Is the Arakan Rohingya Salvation Army raising its head again?
Cox Bazar: The Arakan Rohingya Salvation Army (ARSA), which operates on the Bangladesh-Burma border and is seen by its observers as those carrying out terrorist activities, is trying to radicalise the people in the Rohingya camps in Bangladesh, according to a report in German media.
According to the report of the German news agency DW, published on 13 February, the Rohingya refugee camps in Cox's Bazar area are experiencing an increase in drug and other criminal activities, with the influx of outside groups.
Newspapers in India have reported that extremist groups are trying to take over the camps.
They had earlier massacred about 99 Hindu women, men, and children as well as carrying out additional unlawful killings and abductions of Hindu villagers in August 2017, Amnesty International revealed after conducting a detailed investigation inside Myanmar’s Rakhine State.
Amnesty said the ARSA sowed fear among Hindus and other ethnic communities with these brutal attacks
Relationship between JMB and ARSA
In January, the Times of India reported that about 40 Rohingya in Cox's Bazar camp were being trained by the Bangladesh-based Jamaat-ul-Mujahideen Bangladesh (JMB).
The JMB, officially recognized as a terrorist group in Bangladesh, carried out a 2016 raid on a Holey Artisan coffee shop near the diplomatic district of Dhaka, killing 22 people. Most of the dead were foreigners.
The JMB was responsible for training 40 Rohingya, with Saudi Arabia and Malaysia providing the first batch with 10 million Bangladeshi dollars ($ 117,000), according to DW.
According to the report, Pakistan's Inter-Services Intelligence (ISI) was among those behind the training, and the Indian government had alerted the Bangladeshi government security officials and border security officials about the ISI.
Siegfried O. Wolf, an analyst at the South Asia Democratic Forum, a Belgian-based group based in Brussels, has confirmed the possible involvement of ISI.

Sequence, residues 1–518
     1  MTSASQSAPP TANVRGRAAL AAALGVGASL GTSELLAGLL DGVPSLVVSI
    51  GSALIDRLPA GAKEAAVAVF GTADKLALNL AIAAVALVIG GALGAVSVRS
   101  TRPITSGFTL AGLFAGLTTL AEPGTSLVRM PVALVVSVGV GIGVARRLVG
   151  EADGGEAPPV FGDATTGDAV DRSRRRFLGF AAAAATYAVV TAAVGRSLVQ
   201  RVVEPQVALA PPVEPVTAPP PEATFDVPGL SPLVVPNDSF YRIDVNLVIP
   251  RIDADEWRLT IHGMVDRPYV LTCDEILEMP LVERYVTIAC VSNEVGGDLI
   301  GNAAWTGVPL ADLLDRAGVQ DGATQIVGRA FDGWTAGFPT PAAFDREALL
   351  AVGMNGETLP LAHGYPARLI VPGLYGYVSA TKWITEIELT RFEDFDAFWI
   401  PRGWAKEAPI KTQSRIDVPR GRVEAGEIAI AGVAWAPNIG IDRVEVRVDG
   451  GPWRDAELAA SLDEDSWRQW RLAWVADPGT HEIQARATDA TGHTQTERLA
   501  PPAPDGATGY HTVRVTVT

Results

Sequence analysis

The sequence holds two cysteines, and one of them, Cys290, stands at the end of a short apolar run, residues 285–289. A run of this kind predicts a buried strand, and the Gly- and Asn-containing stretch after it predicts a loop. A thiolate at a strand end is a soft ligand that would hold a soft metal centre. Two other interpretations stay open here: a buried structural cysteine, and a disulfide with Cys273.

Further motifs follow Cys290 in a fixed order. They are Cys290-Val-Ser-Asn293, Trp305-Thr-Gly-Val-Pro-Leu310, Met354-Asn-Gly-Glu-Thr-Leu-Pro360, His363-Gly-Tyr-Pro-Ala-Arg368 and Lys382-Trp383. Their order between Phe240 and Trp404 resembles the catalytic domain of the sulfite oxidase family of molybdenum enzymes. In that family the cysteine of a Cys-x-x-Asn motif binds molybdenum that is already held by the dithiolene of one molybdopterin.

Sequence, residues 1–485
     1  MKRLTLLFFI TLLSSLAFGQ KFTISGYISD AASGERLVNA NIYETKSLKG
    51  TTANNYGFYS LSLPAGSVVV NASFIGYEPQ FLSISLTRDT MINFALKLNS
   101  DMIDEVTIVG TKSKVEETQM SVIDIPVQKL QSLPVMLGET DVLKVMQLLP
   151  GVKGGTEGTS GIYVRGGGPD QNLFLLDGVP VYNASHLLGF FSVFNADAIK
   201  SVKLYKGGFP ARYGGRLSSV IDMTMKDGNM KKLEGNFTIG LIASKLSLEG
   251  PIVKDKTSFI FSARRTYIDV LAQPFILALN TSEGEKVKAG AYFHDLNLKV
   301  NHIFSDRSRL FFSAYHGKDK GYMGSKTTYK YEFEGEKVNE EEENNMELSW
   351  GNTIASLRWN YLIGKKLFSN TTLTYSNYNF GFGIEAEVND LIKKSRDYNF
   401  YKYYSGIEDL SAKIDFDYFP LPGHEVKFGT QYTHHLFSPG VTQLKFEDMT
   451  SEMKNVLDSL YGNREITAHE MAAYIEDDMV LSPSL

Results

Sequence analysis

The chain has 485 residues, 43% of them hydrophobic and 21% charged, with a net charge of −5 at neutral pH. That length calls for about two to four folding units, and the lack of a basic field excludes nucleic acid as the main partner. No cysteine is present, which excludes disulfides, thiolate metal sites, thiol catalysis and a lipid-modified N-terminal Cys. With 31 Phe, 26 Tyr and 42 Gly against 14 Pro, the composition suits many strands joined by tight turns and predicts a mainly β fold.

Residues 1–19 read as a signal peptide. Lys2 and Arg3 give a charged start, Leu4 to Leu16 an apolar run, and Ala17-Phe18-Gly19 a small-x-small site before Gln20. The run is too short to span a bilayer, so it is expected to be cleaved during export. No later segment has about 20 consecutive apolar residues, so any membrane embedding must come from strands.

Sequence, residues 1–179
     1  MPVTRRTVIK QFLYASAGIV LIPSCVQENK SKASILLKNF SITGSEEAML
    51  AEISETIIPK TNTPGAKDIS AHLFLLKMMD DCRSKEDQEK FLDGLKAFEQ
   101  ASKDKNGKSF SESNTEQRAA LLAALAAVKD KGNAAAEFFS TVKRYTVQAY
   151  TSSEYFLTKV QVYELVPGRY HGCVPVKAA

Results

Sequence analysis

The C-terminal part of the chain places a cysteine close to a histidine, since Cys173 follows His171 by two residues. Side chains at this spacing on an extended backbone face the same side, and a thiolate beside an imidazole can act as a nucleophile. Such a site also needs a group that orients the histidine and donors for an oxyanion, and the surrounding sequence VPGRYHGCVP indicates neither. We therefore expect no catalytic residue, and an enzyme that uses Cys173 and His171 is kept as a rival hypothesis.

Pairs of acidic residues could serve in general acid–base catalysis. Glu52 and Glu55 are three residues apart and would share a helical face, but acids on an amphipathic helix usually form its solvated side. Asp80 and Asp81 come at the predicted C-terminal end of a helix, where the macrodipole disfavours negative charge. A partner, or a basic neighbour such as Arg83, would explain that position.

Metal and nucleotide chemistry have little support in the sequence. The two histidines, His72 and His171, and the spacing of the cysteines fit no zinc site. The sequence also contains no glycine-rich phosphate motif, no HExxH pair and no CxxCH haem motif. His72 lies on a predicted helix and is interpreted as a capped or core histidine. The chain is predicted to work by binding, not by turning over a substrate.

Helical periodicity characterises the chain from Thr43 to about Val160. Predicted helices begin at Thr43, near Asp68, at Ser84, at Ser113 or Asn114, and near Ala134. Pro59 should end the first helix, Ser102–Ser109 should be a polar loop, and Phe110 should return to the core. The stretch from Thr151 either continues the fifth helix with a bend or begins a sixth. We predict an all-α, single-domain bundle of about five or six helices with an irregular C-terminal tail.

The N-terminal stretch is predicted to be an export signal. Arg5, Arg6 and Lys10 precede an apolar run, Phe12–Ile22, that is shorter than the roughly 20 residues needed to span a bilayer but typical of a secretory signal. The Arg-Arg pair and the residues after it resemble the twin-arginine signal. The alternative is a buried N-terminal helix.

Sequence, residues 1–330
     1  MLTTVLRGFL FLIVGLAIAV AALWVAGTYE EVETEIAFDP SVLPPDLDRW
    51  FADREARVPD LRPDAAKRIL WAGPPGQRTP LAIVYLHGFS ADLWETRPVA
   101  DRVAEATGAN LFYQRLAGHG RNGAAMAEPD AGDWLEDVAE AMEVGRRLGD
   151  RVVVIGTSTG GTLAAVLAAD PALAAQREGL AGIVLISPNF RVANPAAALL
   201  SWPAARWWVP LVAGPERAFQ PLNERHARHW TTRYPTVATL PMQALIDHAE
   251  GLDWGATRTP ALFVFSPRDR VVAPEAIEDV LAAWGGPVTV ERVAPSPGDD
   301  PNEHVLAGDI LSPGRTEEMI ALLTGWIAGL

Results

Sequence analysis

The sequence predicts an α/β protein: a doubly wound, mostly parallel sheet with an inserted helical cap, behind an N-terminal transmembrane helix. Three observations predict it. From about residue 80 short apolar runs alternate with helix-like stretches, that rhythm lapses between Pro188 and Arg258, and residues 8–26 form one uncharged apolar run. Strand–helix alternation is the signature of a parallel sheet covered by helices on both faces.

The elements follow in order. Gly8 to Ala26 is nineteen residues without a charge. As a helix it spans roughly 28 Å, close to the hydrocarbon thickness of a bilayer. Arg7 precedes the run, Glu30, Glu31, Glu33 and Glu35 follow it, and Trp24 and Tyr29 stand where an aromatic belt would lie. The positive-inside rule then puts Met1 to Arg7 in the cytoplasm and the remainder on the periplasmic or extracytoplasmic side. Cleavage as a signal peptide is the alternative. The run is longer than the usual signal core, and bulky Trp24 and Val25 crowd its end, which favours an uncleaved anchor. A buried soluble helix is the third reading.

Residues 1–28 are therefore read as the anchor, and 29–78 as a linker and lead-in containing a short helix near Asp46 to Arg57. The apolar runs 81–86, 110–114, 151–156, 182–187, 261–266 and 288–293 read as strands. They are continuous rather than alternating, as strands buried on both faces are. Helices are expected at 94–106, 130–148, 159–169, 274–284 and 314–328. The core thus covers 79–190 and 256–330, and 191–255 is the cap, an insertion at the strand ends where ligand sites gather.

He said the ISI's main goal was to destabilize some countries in the region, with Afghanistan and India at the top.
Wolf says it would be better for Pakistan to choose its cross-border terrorism as a third country, as the international community is watching Kashmir.
As a result, the Rohingya camps have become a target for terrorist groups.
How does Bangladesh handle ARSA?
Abdur Rashid, a Bangladeshi security expert (former Brigadier General), told DW that there had been attempts to radicalise the Rohingyas in the past, but that Bangladesh had always foiled that.
Rashid, of the Dhaka-based Institute for Conflict, Law and Development Studies, said Bangladesh has so far helped India in such matters, especially out of concern for the Northeast in India.
India is plagued by insurgency in its Northeast. The militants are based on the Indo-Burmese and Bangladesh borders. In Myanmar, they are based in the Naga region of Sagaing Division.
He added that Pakistan could "destabilize India" by supporting extremist groups (as mentioned earlier). But Bangladesh has said it will not do so.
Shahriar Alam, Bangladesh's foreign minister, told DW that attempts to spread extremism in the camps had not been successful in the past.
ARSA has returned to the border and has intensified its military operations, according to senior Burmese military officials. In the refugee camps, ARSAs are active at night and disguised during the day.
In August 2017, ARSA raided police stations in northern Rakhine. This month marks the third year.
Photo: ARSA militants in Myanmar's Rakhine State. © @ARSA_official via Twitter/Amnesty International
Tatmadaw spokesman Brigadier General Zaw Min Tun said ARSA members have been conducting more military operations since April.
In May 2020, a lieutenant colonel and a policeman were injured when ARSA sniped at border guards. In early June, the Tatmadaw claimed that two bodies and two weapons were found in a half-hour clash with ARSA near the village of Meedik between BP-34 and BP-35 on the Burma-Bangladesh border.
The military has seized ARSA temporary camps and interrogated Muslim refugees who have returned (both legally and illegally), but have said that ARSA has been active in the camps.
ARSA movement in the refugee camp
According to a DW report published on September 24, 2019, ARSA is active in the refugee camps. It reported that there were drugs and crime incidents.
The Rohingya Militants Active in Bangladesh Refugee Camps reported on the Rohingya refugee camps, where women and informants were threatened and killed.
The article also questioned whether the Taliban were training the ARSA terrorists in Pakistan.